As of 1 January 2022, all homes or units that are being sold, or leased will require interconnected smoke alarms that are connected to the dwelling’s electrical supply.
All parties involved in a residential transaction should be aware of the following practical changes going forward.
Property Sale – REIQ Contract for Houses
The REIQ Contract for Residential Properties, updated on 20 January 2022, includes new provisions in line with the smoke alarm rules. Clause 7.8 of the Standard Terms of Contract requires any residential houses to comply with the new smoke alarm rules by the Settlement Date.
As the Seller, the party must declare whether compliant smoke alarms are installed in the property as part of the Contract. False or misleading declaration under the Contract (or the Queensland Titles Form 24) may lead to penalties under the Fire and Emergency Services Act 1990.
However, under the Standard Terms of the REIQ Contract, the Seller has no further obligation under the Contract to provide evidence or records that compliant smoke alarms have been installed.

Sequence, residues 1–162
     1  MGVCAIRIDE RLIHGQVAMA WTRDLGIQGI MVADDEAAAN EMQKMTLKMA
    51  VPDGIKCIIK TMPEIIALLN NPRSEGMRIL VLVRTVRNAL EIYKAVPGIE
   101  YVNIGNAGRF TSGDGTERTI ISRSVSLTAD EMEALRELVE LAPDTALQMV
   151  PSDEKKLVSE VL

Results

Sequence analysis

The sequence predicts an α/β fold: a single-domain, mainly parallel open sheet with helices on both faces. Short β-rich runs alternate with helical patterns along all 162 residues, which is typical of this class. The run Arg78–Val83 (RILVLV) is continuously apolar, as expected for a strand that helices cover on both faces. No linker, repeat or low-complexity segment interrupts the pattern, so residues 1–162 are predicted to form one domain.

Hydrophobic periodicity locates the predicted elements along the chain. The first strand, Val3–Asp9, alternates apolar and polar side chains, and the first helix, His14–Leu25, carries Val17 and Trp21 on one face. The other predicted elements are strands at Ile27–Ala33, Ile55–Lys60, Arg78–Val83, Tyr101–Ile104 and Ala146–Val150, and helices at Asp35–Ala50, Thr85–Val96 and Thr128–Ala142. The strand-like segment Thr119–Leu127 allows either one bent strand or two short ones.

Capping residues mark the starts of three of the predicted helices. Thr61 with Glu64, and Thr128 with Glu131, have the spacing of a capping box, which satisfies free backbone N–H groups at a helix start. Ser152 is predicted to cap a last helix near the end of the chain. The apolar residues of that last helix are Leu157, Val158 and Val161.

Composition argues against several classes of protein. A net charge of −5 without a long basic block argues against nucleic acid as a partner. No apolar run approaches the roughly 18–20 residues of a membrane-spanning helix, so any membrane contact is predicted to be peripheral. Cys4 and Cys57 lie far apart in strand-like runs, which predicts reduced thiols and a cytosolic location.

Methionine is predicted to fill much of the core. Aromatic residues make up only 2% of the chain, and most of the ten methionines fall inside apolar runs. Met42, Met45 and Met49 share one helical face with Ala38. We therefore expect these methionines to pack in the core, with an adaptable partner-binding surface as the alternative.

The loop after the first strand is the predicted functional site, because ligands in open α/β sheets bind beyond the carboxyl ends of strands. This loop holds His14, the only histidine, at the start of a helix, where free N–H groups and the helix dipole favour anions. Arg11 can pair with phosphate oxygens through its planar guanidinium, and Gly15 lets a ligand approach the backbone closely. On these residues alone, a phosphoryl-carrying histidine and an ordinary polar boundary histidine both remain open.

It is the responsibility of the Buyer to verify whether the smoke alarms are compliant with the updated rules. If the property was found to not have complied with the new smoke alarm rules, the Buyer can request an adjustment of 0.15% of the Purchase Price. This is the only remedy that the Buyer can seek, and they cannot use the findings to request further discounts or to terminate the Contract.
While the remedies available to the Buyer are minor, ensuring that compliant smoke alarms are installed would be an important part of a property inspection and due diligence. This is especially important if the intent of the Buyer is to rent out the property after purchase.
Unlikely the sale of a property, an owner seeking to rent out their residential property is not required to provide specific notices to tenants regarding smoke alarms. The latest General Tenancy Agreement (as of June 2021) contains no provisions related to smoke alarms. Nevertheless, a lessor must comply with Smoke Alarm rules, including the additional requirement to clean and test the smoke alarms within 30 days before the start of a new (or renewed) tenancy.
The tenant in the residential tenancy will be required to clean and test the smoke alarms every 12 months and must inform the landlord if the smoke alarm needs replacement.
If you have any questions about how the latest smoke alarm rules may affect your transaction, please feel free to contact Jake Cho at Jake.Cho@Perspectivelaw.com or Perspective Law on 07 3839 7555.